Finding your voice through the profundity (and mundanity) of experience
Ever since those first days of writing in school, I was told “you are a good writer.” I scored high on any writing assessment throughout my educational experience, and then went on to earn a Ph.D. in philosophy, which of course involves a boatload of writing. It’s pretty difficult to get away with a dissertation that is written poorly, at least in my discipline.
Still, I never really felt like the real me shone through anything I wrote. There were occasional moments of authenticity, where my words revealed my vulnerabilities or provided glimpses into the deepest corners of my mind. Most of the time, however, I was writing to earn praise. Whether to earn a grade, a degree, snag a publication in an academic journal so I could put another line on my C.V., or get a job — I was always seeking the approval of others. In so doing, there were very few times when I was not engaging in “performance writing.”
Sure, I still have to perform academic philosophy, which has an absurdly long list of gatekeeping requirements for what even “counts.” Now that I’ve earned tenure, I am less restricted and can push boundaries a bit more, but there are still clearly defined “performative rules.” It reminds me of this Jim Morrison quote:
“Most people love you for who you pretend to be. To keep their love, you keep pretending — performing. You get to love your pretense.”
I’ve found a way, nonetheless, to write my truth, in all its messiness, and without pretense, which has been tricky, to say the least. Because how can you succeed as a writer in a world that simultaneously says “give us authenticity and raw emotion but also give us polished according to some arbitrary standards?” The shortest answer I can give is the often misattributed quote, “write drunk, edit sober.” Not everyone lives by that rule, however (Hemingway actually refused to write drunk), and honestly, editing the stuff drunk you wrote is often more trouble than it’s worth. So here is a longer, more complex answer, that will take a little more explanation: live life.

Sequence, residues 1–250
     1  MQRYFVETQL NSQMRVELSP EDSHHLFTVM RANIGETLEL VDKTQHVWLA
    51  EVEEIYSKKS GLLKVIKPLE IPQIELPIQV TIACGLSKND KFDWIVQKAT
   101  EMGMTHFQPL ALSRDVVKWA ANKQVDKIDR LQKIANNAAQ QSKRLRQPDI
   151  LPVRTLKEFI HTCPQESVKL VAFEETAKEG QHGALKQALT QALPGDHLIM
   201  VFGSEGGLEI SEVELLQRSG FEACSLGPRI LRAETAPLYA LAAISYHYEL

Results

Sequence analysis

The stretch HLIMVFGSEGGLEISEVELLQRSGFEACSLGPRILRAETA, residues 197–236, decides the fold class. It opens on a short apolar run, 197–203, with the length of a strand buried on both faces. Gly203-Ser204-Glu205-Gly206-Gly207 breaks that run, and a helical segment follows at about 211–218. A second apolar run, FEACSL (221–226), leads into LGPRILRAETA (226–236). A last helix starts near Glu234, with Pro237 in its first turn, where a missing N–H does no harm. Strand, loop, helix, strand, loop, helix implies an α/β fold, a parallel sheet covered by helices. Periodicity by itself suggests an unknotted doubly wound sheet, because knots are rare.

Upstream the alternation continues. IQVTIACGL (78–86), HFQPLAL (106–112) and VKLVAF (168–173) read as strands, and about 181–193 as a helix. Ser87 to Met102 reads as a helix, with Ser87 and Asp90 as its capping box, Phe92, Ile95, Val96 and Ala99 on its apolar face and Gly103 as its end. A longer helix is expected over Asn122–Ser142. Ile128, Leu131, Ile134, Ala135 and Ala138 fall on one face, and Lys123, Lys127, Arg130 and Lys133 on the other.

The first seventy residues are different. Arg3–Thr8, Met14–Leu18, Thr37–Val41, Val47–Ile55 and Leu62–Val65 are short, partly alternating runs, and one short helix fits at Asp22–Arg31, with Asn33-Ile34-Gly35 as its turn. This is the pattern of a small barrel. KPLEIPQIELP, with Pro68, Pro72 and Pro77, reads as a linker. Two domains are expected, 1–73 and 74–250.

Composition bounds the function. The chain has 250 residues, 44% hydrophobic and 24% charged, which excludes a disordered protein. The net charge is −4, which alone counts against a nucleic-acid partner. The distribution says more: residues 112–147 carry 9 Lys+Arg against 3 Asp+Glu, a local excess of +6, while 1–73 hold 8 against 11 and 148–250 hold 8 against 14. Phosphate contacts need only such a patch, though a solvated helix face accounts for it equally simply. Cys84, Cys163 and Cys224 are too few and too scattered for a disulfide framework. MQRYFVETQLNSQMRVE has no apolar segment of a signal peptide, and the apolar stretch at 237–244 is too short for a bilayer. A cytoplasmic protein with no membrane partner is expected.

Life is full of stories yearning to be told
A good story can take many forms. I have the utmost respect and a great deal of envy for talented fiction writers. After having sat down several times to write a fictional novel and quitting as many times in frustration, I decided it was not my thing, at least not at this point in life.
Non-fiction can be equally gripping. As an academic whose first book is just about to drop, maybe I’ve been telling myself this a bit too often just to bolster my own belief that I’m not the only human obsessed enough to write and/or read a book about the tight symbiotic bond between humans and dogs. I will literally read anything on that subject because to me, that is one of the great stories of human nature — how we became ‘us’ by hanging around canines for 15,000 years.
The other kind of non-fiction that can be extremely compelling are personal, real-life stories, as so many Medium members already know. (That’s why many of us ended up here in the first place.) But it’s hard to write a good story about your life if you have not actually lived. This doesn’t mean you will have nothing worth writing until you reach old age. Nor does it mean that unless you have suffered unimaginable grief or reached near-impossible goals you have nothing interesting to say. It just means you need to truly live and appreciate all the ways experiences — from the everyday humdrum to the self-defining moments — can be transformative. You have to find the nuggets of wisdom in the mundane. Find the triumph in overcoming obstacles. Find the healing in the heartbreak. Let those slices of your life bleed onto the paper in all their complexity. Weave them into your most authentic narrative and believe in the value of your insights.
Living is not the same thing as existing
This rather cheesy adage has some deep truth to it, for me at least. What I said above will not just magically happen if you don’t sink your teeth into life and be ready to feel it all. Good stories come from people who have taken risks, failed miserably, had their lives turned upside down, loved fiercely, and maybe even stared down their own death on one more more occasions.